Following a three-day swing through the United States, Macedonian Foreign Minister Nikola Dimitrov says he will return home to lock in domestic support for the upcoming name referendum on which the small Balkan nation’s EU-NATO integration depends.
U.S. Secretary of State Mike Pompeo followed up talks with Dimitrov by expressing strong support for the deal, signed this summer, in which Macedonia agreed to change its name to the Republic of North Macedonia.
Greece and Macedonia have been feuding over who gets to use the name since Macedonia’s independence from Yugoslavia in 1991. Many Greeks say allowing the neighboring country to use the name insults Greek history and implies a claim on the Greek territory also known as Macedonia, a key province in Alexander the Great’s ancient empire.
As a result, Greece has blocked Macedonian efforts to join the EU and NATO. Despite recognition by 137 countries, Macedonia is officially known at the United Nations as the Former Yugoslav Republic of Macedonia (FYROM).
“It’s a great day for Macedonian diplomacy,” Dimitrov said of his meeting with Pompeo, which he described as “very encouraging.”
“We are now focused on our homework — we need to win a referendum to get our people to stand behind the name agreement that we have reached with our friends in Greece that unlocks the doors for the future,” he said. “And here the support and friendship of our American partners is extremely important. So, I go back to Macedonia greatly encouraged.”
September 30 referendum
Full implementation of the deal hinges on the name referendum that Macedonia’s parliament set for September 30 in a measure approved with 68 votes in the 120-seat parliament. Opposition members boycotted the vote.
“The Secretary [of State] noted the referendum presented an opportunity for citizens to voice their opinions on an issue of vital importance to the future of Macedonia,” the State Department wrote.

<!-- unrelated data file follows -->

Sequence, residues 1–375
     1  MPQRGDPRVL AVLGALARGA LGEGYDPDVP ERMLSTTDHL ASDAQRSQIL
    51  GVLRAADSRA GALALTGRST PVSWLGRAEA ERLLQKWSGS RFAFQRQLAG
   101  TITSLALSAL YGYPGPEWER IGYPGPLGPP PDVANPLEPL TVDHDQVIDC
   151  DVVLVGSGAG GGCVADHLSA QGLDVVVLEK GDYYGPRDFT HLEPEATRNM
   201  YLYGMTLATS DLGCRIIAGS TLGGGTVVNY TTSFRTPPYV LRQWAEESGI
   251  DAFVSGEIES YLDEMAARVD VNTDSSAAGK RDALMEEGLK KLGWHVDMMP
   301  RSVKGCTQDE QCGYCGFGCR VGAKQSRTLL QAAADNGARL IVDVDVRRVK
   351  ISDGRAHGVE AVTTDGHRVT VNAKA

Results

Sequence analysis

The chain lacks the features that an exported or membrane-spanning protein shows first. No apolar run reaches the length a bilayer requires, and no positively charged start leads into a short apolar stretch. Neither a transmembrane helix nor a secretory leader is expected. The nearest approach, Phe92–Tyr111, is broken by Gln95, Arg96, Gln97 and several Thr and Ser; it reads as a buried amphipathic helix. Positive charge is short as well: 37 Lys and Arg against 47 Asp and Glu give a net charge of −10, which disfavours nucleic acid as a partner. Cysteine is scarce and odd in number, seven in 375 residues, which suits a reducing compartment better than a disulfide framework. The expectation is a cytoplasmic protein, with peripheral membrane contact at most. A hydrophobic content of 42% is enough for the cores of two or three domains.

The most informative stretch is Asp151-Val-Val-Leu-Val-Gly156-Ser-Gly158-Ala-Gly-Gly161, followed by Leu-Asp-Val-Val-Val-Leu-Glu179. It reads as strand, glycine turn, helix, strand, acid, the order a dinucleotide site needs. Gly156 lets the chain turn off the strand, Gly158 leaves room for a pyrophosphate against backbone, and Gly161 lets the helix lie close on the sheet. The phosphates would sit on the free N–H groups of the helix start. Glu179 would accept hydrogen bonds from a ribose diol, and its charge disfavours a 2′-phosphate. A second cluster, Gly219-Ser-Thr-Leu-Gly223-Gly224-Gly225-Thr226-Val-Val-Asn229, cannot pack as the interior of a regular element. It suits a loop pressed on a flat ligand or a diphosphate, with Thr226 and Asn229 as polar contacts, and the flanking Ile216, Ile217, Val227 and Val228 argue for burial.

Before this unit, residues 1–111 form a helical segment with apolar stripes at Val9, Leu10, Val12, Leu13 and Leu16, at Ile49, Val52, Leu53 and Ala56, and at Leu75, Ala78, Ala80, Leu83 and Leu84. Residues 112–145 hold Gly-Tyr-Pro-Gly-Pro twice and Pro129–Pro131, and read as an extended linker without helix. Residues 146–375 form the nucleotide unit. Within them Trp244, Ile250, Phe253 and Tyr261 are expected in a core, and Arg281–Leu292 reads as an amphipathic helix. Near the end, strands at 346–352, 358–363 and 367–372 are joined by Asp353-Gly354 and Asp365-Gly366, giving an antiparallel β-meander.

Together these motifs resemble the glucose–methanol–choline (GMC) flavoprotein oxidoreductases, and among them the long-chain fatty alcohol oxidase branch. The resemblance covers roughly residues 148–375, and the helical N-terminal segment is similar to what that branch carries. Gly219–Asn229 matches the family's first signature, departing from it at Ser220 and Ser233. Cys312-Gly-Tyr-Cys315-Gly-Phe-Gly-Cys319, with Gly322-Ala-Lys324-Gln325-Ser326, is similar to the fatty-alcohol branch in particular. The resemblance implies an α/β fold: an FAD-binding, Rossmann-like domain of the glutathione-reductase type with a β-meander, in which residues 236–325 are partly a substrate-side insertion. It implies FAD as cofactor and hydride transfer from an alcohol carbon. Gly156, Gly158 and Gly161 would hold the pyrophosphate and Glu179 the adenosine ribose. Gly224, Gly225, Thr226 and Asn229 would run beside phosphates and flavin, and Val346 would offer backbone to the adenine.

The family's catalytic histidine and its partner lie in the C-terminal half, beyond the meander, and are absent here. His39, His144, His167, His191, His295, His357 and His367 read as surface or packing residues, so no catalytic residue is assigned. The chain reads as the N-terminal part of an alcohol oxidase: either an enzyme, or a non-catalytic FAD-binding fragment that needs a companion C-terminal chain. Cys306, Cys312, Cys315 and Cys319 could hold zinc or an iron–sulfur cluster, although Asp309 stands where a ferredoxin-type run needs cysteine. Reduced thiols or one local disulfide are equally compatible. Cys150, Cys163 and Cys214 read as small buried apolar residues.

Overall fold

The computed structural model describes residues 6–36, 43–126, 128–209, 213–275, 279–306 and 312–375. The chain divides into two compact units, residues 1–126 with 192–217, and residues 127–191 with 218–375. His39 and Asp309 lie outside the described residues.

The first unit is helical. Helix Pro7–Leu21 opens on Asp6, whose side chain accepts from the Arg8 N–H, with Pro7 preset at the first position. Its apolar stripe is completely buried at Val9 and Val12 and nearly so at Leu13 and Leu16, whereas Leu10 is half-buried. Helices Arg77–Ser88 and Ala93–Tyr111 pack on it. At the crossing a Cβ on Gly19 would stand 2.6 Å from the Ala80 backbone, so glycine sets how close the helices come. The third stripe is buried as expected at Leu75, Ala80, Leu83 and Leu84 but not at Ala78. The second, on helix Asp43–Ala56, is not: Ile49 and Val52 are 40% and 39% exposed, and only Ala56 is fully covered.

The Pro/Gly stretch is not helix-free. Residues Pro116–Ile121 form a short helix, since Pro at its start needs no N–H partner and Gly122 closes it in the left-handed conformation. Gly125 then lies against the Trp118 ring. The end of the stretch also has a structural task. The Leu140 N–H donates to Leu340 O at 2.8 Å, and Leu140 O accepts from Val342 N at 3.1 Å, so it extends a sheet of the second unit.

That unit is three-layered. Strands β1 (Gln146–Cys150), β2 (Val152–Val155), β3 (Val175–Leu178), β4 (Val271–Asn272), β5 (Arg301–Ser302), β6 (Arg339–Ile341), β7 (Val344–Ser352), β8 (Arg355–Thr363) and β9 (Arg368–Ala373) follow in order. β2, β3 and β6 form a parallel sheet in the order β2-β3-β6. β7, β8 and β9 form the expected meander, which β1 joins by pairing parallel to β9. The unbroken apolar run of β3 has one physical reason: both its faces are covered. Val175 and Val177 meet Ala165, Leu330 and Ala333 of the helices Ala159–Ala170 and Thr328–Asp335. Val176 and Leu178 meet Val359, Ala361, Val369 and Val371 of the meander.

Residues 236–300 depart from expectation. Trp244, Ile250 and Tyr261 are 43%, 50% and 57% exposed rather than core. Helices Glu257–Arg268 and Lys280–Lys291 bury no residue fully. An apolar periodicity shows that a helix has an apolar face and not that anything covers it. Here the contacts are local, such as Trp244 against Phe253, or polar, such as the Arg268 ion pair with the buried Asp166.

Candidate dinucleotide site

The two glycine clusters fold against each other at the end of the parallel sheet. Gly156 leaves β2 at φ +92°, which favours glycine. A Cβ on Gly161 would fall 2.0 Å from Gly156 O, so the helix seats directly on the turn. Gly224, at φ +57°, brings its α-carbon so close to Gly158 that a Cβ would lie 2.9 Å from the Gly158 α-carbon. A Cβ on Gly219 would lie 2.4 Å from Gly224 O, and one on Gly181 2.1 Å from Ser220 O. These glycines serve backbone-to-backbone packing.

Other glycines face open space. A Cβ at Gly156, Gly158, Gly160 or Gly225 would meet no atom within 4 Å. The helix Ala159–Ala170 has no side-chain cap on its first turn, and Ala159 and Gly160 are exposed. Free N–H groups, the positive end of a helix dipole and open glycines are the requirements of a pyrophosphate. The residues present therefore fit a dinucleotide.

Staunch U.S. support for passage of the referendum, which would secure the country’s Euro-Atlantic future, draws from a longstanding U.S. interest in a politically stabilized Balkans, one of Europe’s most impoverished and politically turbulent regions, one where U.S. lawmakers have called for substantially strengthened commitments to counter Russian efforts to influence elections and discourage NATO membership.
Dimitrov’s meeting with Pompeo, his second with the top U.S. diplomat since November, underscored that point, he said.
“The main reason for [U.S. support for the referendum] lies in the fact that it will wrap up the long process of preparations for the country to join NATO, and that will bring stability in the region,” Dimitrov told VOA’s Macedonian Service.
His primary objective now, he said, is to make sure all Macedonians have the facts to make an informed decision at the polls next month.
“I am planning to devote maximum time to do just that,” he said. “I will talk to people, go to markets and elsewhere, to explain the agreement with Greece, and to assure them that I understand their concerns. In these circumstances, there is no other alternative,” he said.
The referendum question that parliament approved in July does not explicitly mention changing the country’s name. It says only: “Are you for EU and NATO membership by accepting the agreement between the Republic of Macedonia and the Republic of Greece?”
Macedonia’s nationalist opposition party, VMRO-DPMNE, criticized the wording of the referendum question as manipulative.
Members of the opposition have not yet said whether they will call upon supporters to participate in the referendum, which would significantly increase the likelihood of achieving the 50 percent threshold required for ratification.
Some smaller political parties and nationalist groups who say the name change would compromise national identity have been campaigning to boycott the referendum.
This story originated in VOA’s Macedonian Service